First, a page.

Drawing on a fine range of performers (including Congo Norvell singer Sally Norvell and Ethyl Meatplow/Geraldine Fibbers frontwoman Carla Bozulich on background vocals), Bonney creates a mystic, almost mythic atmosphere on Forever. Much like the final efforts of Crime and the City Solution, but with an even more haunting, nearly religious atmosphere, Bonney's music conjures up the feeling of a West that never was, where hoe-downs and wild dances are replaced by contemplation, lyrically and musically. While it's facile to simply say Bonney does for country what fellow expatriate Nick Cave does for the blues, there's a similar sense of reverence and transformation at play. Bonney's deep but not cavernous voice suits his images and songs perfectly, eschewing over-the-top drama for a more considered approach. Main collaborators J.D. Foster, on guitars and mandolin, and Jon-Dee Graham, on lap steel, dobro, and bottleneck guitar, contributed excellent performances while avoiding musical clichés, just as Bonney looks to avoid simply aping Nashville or neo-traditional country both. "Ravenswood," Forever's stunning opening number, sets the overall mood faultlessly; Bonney's call for the rain to come down on him backed by a slow, deceptively powerful arrangement where the guitars sound like flashes of lightning in dark clouds. Low drums boom in the distance, as what almost sounds like an invocation unfolds. Many songs move at a faster clip; Forever isn't trudging in its pace, instead combining various influences and touches from the vocal/electric guitar/violin combination of "Now That's She's Gone" to fairly lush rock/country fusions. This said, even more energetic numbers as "Like Caesar Needs a Brutus," as the title alone indicates, grapple with questions of love and belief with strength, and nothing completely lets loose just for the heck of it. Then again, that's not the intent of Forever in the first place.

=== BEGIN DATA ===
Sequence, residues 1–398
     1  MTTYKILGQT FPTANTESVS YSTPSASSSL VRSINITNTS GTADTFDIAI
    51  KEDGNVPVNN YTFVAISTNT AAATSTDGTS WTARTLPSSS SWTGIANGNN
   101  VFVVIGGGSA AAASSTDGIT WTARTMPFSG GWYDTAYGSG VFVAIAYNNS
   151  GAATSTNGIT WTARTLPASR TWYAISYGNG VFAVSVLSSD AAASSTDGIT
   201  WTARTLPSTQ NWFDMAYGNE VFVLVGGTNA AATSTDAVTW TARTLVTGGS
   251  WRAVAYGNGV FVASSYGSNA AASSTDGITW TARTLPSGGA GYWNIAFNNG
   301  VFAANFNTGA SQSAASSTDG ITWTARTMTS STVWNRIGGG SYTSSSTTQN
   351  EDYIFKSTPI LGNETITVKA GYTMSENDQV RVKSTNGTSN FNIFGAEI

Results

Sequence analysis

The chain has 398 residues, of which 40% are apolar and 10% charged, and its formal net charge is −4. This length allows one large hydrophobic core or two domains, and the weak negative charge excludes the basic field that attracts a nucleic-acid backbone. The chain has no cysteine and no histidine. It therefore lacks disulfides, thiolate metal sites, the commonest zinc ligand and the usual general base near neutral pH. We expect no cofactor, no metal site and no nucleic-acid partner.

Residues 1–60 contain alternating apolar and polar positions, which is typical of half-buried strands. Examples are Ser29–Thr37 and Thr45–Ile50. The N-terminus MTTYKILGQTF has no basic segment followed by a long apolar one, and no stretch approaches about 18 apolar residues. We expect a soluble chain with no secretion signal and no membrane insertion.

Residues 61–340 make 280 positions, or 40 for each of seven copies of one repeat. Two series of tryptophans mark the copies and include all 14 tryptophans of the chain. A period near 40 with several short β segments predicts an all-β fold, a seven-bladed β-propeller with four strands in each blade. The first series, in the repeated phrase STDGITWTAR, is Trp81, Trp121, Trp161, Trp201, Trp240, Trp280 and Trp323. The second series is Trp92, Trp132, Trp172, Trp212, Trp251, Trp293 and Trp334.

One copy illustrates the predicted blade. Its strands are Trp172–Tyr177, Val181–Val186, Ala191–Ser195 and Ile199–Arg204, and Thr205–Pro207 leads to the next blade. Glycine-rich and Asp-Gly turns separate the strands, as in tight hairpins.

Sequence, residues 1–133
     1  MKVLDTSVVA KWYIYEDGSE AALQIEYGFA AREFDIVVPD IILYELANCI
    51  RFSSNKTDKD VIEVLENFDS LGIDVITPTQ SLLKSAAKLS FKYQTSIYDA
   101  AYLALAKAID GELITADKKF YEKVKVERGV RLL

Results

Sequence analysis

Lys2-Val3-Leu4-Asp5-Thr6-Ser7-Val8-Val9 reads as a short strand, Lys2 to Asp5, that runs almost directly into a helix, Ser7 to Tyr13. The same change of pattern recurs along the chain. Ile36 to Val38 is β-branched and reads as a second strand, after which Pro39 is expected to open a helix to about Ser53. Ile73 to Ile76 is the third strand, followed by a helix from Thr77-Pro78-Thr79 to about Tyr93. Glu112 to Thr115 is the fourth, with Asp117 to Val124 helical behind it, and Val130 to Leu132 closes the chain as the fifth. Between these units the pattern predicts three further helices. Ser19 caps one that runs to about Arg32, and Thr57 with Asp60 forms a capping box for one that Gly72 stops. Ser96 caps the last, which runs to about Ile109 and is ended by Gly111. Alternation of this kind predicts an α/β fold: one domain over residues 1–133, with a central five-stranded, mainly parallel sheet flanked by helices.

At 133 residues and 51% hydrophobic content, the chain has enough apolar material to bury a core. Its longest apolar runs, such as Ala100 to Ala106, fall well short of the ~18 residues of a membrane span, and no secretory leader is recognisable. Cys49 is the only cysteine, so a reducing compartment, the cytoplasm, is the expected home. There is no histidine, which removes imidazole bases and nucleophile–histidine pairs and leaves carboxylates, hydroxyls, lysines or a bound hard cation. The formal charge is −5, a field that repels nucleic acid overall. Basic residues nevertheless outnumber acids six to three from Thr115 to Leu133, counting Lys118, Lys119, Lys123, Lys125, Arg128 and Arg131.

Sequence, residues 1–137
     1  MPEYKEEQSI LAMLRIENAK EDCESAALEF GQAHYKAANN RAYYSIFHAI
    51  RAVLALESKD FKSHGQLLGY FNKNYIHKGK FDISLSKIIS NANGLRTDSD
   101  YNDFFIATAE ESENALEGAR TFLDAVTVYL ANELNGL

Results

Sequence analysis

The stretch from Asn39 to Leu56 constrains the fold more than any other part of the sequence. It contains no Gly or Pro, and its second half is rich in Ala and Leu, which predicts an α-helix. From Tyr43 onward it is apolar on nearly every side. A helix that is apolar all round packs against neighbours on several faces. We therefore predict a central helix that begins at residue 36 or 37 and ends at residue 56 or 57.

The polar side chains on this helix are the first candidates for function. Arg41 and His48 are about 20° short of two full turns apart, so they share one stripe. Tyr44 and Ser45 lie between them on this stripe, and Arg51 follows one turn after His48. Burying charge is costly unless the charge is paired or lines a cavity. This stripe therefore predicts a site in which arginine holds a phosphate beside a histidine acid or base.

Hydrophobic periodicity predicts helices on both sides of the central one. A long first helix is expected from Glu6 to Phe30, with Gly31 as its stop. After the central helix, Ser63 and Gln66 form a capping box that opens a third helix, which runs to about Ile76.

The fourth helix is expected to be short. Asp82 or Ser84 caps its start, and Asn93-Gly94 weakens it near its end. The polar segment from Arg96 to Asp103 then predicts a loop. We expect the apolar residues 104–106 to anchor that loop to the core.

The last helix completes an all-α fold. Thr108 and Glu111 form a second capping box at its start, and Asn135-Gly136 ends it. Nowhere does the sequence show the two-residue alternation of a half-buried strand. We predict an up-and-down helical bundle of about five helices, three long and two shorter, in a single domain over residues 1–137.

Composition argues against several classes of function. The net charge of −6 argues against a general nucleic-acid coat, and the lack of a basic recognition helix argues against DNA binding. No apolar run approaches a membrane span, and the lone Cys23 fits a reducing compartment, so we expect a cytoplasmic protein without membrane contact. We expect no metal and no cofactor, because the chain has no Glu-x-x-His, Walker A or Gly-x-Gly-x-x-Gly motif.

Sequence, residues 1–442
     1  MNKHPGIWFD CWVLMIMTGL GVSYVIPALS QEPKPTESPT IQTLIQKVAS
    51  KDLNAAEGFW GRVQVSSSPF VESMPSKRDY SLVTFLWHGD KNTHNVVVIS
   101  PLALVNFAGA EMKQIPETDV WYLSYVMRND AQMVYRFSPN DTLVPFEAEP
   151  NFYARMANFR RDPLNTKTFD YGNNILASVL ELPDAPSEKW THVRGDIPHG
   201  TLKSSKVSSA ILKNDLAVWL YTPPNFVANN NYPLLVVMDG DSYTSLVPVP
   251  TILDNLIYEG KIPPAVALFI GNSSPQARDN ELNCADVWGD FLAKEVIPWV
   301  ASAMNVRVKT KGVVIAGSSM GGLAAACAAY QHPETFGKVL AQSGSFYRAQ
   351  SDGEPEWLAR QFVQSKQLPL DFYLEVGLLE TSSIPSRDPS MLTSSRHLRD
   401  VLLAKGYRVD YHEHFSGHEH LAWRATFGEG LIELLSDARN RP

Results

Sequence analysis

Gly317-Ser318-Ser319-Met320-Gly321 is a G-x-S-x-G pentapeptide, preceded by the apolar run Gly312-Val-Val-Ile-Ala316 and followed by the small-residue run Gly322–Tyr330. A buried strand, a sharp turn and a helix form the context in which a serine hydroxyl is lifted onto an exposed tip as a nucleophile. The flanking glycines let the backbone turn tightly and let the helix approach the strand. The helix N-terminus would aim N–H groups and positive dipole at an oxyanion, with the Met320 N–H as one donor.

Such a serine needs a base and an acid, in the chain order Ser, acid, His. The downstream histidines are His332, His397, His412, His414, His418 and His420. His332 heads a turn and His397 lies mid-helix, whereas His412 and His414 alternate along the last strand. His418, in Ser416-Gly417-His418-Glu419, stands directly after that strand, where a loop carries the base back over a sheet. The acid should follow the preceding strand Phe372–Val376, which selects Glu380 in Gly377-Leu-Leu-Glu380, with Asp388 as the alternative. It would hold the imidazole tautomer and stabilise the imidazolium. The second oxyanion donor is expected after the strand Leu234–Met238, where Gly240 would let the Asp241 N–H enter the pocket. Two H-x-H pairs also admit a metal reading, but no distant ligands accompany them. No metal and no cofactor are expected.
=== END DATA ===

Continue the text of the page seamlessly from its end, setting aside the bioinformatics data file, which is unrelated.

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AllMusic Review by Ned Raggett